BRITISH weather is renown for its unpredictability with glorious sunshine turning into a shivering downpour in just a few hours.
And despite the UK not being known for deadly earthquakes, volcanoes or raging tornadoes, we still get our fair share of Mother Nature’s fury.
What is a danger to life weather warning?
The Met Office issues a series of warning over bad weather, known as The Met Office National Severe Weather Warning Service (NSWWS).
These range from very low to high, and as well as general warnings there are also specific warnings for rain, thunderstorms, wind, snow, lightning, ice and fog.
In the general weather category as well as specific groups, two of the most severe warnings carry a danger to life.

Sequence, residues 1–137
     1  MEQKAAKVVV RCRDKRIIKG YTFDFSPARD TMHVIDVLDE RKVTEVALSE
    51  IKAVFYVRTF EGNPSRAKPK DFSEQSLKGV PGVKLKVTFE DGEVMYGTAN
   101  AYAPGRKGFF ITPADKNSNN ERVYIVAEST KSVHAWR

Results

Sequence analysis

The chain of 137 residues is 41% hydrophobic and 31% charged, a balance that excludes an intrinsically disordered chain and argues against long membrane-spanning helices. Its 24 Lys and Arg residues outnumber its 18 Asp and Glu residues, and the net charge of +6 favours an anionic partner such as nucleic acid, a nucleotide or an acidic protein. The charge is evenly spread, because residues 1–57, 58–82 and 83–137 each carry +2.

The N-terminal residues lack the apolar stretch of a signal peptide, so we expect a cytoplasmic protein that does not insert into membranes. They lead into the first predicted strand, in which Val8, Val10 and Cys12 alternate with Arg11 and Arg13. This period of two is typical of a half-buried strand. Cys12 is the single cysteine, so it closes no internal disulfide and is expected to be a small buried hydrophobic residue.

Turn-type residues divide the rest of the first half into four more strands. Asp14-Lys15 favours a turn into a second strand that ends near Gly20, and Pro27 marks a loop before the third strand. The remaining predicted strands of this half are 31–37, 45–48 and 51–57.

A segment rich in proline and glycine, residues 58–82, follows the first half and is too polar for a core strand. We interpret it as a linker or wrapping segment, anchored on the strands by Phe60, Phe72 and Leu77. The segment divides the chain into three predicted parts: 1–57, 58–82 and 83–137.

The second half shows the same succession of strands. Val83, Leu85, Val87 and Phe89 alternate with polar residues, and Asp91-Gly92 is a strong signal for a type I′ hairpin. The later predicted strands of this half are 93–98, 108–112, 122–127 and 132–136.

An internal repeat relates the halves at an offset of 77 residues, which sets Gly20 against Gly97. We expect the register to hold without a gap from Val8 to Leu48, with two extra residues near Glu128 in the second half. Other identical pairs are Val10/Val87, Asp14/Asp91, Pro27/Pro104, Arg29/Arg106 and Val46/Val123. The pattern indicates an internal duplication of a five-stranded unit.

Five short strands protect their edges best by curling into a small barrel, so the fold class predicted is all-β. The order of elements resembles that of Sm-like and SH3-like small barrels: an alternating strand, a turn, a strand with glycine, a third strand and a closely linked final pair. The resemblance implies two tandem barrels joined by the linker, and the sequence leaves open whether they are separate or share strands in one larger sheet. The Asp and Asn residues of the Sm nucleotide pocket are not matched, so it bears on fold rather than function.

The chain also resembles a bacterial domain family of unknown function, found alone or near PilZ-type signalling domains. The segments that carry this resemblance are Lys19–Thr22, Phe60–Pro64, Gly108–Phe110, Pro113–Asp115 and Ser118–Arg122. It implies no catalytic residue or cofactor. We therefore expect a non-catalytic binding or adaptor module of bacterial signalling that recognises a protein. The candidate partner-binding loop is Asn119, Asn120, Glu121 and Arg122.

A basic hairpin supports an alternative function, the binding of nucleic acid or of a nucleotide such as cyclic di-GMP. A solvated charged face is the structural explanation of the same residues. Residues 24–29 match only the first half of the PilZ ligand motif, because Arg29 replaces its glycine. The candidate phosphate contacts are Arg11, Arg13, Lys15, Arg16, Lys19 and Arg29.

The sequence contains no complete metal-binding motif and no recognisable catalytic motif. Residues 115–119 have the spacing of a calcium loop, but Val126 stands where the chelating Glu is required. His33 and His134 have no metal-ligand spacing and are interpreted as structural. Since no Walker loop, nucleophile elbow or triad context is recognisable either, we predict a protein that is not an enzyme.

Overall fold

These are medium and high warnings, and in the former the Met Office says these may cause “injuries with danger to life”.
In the highest category, it simply states there is a “danger to life”.
When broken down by weather type, for rain and thunderstorms danger to life may occur from flooding.
For wind, it warns of “widespread danger to life from flying debris”, and lightning carries the risk of “injuries with danger to life due to frequent lightning strikes”.